A landmark colon cancer trial on the efficacy of levamisole and fluorouracil was reported by Moertel et al. (1990). The trial recruited 929 patients with stage C disease and randomly assigned them to levamisole treatment alone, levamisole combined with fluorouracil, and the control. We focus on the comparison between the combined treatment and control groups, consisting of 304 and 314 patients, respectively. The endpoints of interest are cancer relapse and death. The death rates in the treatment and control groups are about 40% and 53%, relapse rates about 39% and 56%, and median follow-up times about 5.7 and 5.1 years, respectively.

The dataset colon_lev (a subset of the colon dataset in the survival package) is contained in the rmt package and can be loaded by

library(rmt)
#>   id      time status      rx sex age
#> 1  1 2.6502396      1 Lev+5FU   1  43
#> 2  1 4.1642710      2 Lev+5FU   1  43
#> 3  2 8.4517454      0 Lev+5FU   1  63
#> 4  3 1.4839151      1 Control   0  71
#> 5  3 2.6365503      2 Control   0  71
#> 6  4 0.6707734      1 Lev+5FU   0  66

The dataset is already in a format suitable for rmtfit() (status= 1 for relapse and = 2 for death).

### Estimation and inference

We first fit the data by

obj=rmtfit(ms(id,time,status)~rx,data=colon_lev)
## print the event numbers by group
obj
#> Call:
#> rmtfit.formula(formula = ms(id, time, status) ~ rx, data = colon_lev)
#>
#>           N State 1 Death Med follow-up time
#> Control 315     177   168           5.081451
#> Lev+5FU 304     119   123           5.749487

# summarize the inference results for tau=7.5 years
summary(obj,tau=7.5)
#> Call:
#> rmtfit.formula(formula = ms(id, time, status) ~ rx, data = colon_lev)
#>
#> Restricted mean winning time by tau = 7.5:
#>           State 1 Survival  Overall
#> Control 0.2659633 1.130967 1.396930
#> Lev+5FU 0.6120146 1.750924 2.362938
#>
#> Restricted mean time in favor of group "Lev+5FU" by time tau = 7.5:
#>          Estimate  Std.Err Z value  Pr(>|z|)
#> State 1  0.346051 0.072066  4.8018 1.572e-06 ***
#> Survival 0.619957 0.213610  2.9023  0.003704 **
#> Overall  0.966008 0.252585  3.8245  0.000131 ***
#> ---
#> Signif. codes:  0 '***' 0.001 '**' 0.01 '*' 0.05 '.' 0.1 ' ' 1

From the above output, we conclude that, at 7.5 years, the combined treatment on average gains the patient 0.97 extra year in a more favorable state compared to the control. This total effect size comprises an additional 0.62 year of survival time and 0.35 year of relapse-free time among the survivors. The matrix containing the inferential results can be obtained from summary(obj,tau=7.5)\$tab.

### Graphical analysis

Use the following code to construct the bouquet plot and the plot for the estimated $$\mu(\cdot)$$:

# set-up plot parameters
oldpar <- par(mfrow = par("mfrow"))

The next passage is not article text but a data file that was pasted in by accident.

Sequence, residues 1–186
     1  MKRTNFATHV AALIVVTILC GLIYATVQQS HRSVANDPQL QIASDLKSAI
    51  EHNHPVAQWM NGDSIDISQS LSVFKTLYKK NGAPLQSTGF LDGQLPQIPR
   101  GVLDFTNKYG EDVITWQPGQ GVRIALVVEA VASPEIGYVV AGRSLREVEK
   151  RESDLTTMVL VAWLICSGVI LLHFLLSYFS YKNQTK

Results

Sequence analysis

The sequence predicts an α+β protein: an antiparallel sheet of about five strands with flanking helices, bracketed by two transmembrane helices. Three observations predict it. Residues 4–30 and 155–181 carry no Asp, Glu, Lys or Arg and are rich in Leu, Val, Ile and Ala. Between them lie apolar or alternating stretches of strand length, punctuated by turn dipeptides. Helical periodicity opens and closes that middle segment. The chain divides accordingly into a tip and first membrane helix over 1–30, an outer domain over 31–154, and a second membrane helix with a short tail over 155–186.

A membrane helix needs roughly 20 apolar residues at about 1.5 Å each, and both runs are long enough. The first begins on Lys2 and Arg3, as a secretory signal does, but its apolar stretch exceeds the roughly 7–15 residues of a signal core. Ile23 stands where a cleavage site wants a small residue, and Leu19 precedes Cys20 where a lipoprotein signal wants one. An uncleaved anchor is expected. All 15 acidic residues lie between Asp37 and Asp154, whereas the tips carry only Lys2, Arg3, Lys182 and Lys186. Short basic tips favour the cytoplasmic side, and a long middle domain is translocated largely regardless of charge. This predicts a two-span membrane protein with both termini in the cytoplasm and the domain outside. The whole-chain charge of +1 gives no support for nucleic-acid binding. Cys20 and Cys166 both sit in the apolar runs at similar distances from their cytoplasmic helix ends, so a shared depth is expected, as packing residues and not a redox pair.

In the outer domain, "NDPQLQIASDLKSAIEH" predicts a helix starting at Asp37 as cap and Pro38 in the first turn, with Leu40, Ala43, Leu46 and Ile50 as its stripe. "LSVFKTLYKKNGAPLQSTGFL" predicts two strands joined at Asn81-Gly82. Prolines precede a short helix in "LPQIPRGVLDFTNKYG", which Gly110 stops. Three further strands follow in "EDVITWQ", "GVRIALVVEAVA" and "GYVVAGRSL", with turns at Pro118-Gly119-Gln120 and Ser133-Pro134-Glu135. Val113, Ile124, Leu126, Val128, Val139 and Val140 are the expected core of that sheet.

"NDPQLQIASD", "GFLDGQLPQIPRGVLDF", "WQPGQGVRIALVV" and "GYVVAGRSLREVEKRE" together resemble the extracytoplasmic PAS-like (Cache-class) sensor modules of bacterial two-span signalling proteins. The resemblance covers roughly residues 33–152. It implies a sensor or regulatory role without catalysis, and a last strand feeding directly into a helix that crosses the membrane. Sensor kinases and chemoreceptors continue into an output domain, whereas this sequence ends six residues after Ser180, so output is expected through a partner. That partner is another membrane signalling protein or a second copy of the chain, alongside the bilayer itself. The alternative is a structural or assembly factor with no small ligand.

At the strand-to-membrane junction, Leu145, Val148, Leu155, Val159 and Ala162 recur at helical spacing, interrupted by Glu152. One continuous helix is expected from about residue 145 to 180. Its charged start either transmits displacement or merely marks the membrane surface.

par(mfrow=c(1,2))

# Bouquet plot
bouquet(obj,main="Bouquet plot",cex.group=0.8, xlab="Restricted mean win/loss time (years)",
ylab="Follow-up time (years)") #cex.group: font size of group labels#
# Plot of RMT in favor of treatment over time
plot(obj,conf=TRUE,col='red',conf.col='blue',conf.lty=2, xlab="Follow-up time (years)",
ylab="RMT in favor of treatment (years)",main="Overall")

par(oldpar)

From the left panel, both the restricted mean survival (dark gray) and pre-relapse times (light gray) are clearly in favor of the treatment, both increasingly so as follow-up continues. From the right panel, judging from the lower 95% confidence limit, the treatment effect becomes significant at the 0.05 level soon after randomization and stays so till the end of the study. To plot the component-specific curves , run

# set-up plot parameters
oldpar <- par(mfrow = par("mfrow"))
par(mfrow=c(1,2))

# Plot of component-wise RMT in favor of treatment over time
plot(obj,k=2,conf=TRUE,col='red',conf.col='blue',conf.lty=2, xlab="Follow-up time (years)",
ylab="RMT in favor of treatment (years)",main="Survival")
plot(obj,k=1,conf=TRUE,col='red',conf.col='blue',conf.lty=2, xlab="Follow-up time (years)",
ylab="RMT in favor of treatment (years)",main="Pre-relapse")


par(oldpar)

## References

• Buyse, M. (2010). Generalized pairwise comparisons of prioritized outcomes in the two‐sample problem. Statistics in Medicine, 29, 3245–3257.
• Mao, L. (2021). On restricted mean time in favour of treatment. Submitted.
• Moertel, C. G., Fleming, T. R., Macdonald, J. S., Haller, D. G., Laurie, J. A., Goodman, P. J., … & Veeder, M. H. (1990). Levamisole and fluorouracil for adjuvant therapy of resected colon carcinoma. New England Journal of Medicine, 322, 352–358.
• Royston, P. & Parmar, M. K. (2011). The use of restricted mean survival time to estimate the treatment effect in randomized clinical trials when the proportional hazards assumption is in doubt. Statistics in Medicine, 30, 2409–2421.